You can read my post on Victorian wallpaper here.
John Thornton, master at Marlborough Mills, a prominent manufacturer, and a leader in the Milton community.
He is also the magistrate in Milton, which is a great honour, and shows his importance.
No wonder Mrs. Thornton is so proud of her dashing son.
A magistrates court is a court that deals with smaller crimes like minor assaults, breaches of the peace, drunk and disorderly conduct, vagrancy and minor poaching, etc.
Victorian magistrates would generally deal with local cases, and if the cases dealt with are quite serious, they would be sent off to the high courts.
In Victorian times theft was considered, even of the smallest amount, a more serious crime.
While prostitution was a summary offense, Victorians viewed it as the “great social evil” of the time as they struggled to deal with issues of poverty and deviance from the norm.
The magistrates sentencing powers was limited.
They would also hear more severe cases, then refer them to Crown court because the possible sentence for being found guilty is higher than they can impose.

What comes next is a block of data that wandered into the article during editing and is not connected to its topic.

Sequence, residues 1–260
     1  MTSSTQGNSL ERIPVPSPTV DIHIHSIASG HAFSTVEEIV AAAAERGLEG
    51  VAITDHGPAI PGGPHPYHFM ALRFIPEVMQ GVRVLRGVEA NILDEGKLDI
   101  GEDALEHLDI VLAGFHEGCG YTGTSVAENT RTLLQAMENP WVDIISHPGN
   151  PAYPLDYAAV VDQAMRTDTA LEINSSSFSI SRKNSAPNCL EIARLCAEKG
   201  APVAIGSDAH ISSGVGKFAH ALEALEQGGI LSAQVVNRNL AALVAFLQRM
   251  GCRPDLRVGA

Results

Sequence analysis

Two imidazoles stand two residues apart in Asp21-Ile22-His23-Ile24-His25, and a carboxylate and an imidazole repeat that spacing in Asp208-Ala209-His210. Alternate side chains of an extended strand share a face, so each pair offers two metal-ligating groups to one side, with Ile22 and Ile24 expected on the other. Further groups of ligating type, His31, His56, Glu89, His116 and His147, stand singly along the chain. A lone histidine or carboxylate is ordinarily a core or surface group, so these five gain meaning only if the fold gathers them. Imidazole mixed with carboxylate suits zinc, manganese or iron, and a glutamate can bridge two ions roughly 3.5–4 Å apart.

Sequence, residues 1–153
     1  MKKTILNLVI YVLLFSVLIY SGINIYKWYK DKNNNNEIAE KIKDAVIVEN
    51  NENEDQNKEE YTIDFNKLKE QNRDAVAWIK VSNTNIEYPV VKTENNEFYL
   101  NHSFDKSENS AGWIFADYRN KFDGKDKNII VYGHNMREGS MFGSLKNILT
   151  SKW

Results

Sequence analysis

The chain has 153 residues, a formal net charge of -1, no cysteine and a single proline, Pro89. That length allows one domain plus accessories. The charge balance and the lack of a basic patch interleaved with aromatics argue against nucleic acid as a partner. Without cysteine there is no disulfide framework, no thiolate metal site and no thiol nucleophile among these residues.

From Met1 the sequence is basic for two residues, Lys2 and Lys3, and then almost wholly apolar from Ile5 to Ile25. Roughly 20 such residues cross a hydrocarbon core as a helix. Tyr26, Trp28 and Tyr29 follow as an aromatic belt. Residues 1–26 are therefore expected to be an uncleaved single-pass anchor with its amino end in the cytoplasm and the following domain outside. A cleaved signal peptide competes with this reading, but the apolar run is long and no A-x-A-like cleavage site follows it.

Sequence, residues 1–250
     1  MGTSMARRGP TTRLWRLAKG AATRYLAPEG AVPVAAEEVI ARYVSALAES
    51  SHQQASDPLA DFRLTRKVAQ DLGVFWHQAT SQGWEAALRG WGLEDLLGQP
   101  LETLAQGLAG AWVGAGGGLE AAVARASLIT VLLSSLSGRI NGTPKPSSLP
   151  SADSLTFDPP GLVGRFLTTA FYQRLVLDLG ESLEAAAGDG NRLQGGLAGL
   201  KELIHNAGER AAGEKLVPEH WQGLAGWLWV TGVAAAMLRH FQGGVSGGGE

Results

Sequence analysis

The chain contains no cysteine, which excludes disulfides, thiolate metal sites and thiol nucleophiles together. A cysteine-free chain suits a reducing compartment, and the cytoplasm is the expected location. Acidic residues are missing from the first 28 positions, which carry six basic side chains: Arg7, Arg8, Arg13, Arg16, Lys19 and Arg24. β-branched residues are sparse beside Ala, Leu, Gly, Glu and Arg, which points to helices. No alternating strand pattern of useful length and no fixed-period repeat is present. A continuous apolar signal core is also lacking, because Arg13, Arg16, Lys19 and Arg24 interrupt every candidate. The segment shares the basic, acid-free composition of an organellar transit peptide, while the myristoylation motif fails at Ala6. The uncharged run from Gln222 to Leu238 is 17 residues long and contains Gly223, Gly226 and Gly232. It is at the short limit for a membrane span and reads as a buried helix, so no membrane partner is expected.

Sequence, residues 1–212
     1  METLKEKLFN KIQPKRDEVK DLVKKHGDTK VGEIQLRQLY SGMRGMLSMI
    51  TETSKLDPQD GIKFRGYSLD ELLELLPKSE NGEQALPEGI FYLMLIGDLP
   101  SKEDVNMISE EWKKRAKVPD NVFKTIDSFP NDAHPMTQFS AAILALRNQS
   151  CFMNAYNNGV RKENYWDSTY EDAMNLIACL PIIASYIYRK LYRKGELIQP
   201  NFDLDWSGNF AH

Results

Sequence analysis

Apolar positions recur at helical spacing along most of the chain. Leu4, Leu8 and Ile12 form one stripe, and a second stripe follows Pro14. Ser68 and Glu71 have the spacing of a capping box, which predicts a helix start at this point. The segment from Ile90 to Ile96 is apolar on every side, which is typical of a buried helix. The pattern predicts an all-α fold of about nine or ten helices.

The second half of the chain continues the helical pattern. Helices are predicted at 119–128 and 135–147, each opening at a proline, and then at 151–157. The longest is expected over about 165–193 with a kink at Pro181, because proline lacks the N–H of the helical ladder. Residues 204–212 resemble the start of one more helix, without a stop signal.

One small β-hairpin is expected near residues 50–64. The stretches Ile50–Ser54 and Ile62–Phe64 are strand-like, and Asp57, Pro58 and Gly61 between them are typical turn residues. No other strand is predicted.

Local parish Constables were strictly limited by their immediate superiors, the magistrates.
In industrial cities, it was the successful middle-class manufacturers that were nominated for the post.
This meant a conflict of interests.
When workers wanted to state their grievances towards their master, it would be a fellow mill owners that judged the case.
Although we can assume that Thornton would be a fair judge, he also used his power to his own advantage.
By ruling that the death of Leonards was accidental, he saved Margaret from a further embarrassing inquiry.
This must have cost Mr. Thornoton a great deal, as he used his influence to protect the honour of the woman who had rejected him.
In truth, it shows that people of a certain class would act to protect one another.
Had Margaret not been present at the station, Thornton would have demanded a further investigation.
This is yet another reason why it’s good to be loved by John Thornton!